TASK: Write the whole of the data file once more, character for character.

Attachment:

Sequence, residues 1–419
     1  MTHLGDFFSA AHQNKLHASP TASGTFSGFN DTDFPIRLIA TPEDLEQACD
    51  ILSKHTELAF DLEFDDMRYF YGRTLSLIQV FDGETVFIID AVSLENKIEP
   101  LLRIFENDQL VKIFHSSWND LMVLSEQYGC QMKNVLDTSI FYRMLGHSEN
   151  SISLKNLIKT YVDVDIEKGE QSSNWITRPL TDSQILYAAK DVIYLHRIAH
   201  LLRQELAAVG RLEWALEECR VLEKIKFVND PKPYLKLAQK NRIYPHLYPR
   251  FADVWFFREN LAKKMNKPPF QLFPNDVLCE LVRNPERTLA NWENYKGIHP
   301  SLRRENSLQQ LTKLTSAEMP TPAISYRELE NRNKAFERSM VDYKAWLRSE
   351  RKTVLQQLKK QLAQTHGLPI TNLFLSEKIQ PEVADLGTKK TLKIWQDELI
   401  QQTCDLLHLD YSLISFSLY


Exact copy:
Sequence, residues 1–419
     1  MTHLGDFFSA AHQNKLHASP TASGTFSGFN DTDFPIRLIA TPEDLEQACD
    51  ILSKHTELAF DLEFDDMRYF YGRTLSLIQV FDGETVFIID AVSLENKIEP
   101  LLRIFENDQL VKIFHSSWND LMVLSEQYGC QMKNVLDTSI FYRMLGHSEN
   151  SISLKNLIKT YVDVDIEKGE QSSNWITRPL TDSQILYAAK DVIYLHRIAH
   201  LLRQELAAVG RLEWALEECR VLEKIKFVND PKPYLKLAQK NRIYPHLYPR
   251  FADVWFFREN LAKKMNKPPF QLFPNDVLCE LVRNPERTLA NWENYKGIHP
   301  SLRRENSLQQ LTKLTSAEMP TPAISYRELE NRNKAFERSM VDYKAWLRSE
   351  RKTVLQQLKK QLAQTHGLPI TNLFLSEKIQ PEVADLGTKK TLKIWQDELI
   401  QQTCDLLHLD YSLISFSLY